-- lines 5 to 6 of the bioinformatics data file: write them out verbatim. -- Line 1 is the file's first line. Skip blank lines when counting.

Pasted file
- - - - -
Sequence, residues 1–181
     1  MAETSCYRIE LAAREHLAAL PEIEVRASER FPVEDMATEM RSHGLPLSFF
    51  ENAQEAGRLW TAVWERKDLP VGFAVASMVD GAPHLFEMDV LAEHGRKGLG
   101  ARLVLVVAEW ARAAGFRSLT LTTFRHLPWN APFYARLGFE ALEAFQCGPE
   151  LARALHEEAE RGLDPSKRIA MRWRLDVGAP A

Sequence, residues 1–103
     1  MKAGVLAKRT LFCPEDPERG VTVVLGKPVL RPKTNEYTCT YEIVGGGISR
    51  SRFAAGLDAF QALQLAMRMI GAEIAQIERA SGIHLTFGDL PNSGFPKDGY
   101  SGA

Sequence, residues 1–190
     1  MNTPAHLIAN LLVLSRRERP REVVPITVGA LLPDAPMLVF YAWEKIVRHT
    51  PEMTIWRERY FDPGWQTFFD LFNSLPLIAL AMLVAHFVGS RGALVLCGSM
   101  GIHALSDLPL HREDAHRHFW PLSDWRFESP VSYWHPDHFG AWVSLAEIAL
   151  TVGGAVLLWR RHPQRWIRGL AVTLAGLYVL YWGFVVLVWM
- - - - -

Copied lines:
   151  LARALHEEAE RGLDPSKRIA MRWRLDVGAP A

Sequence, residues 1–103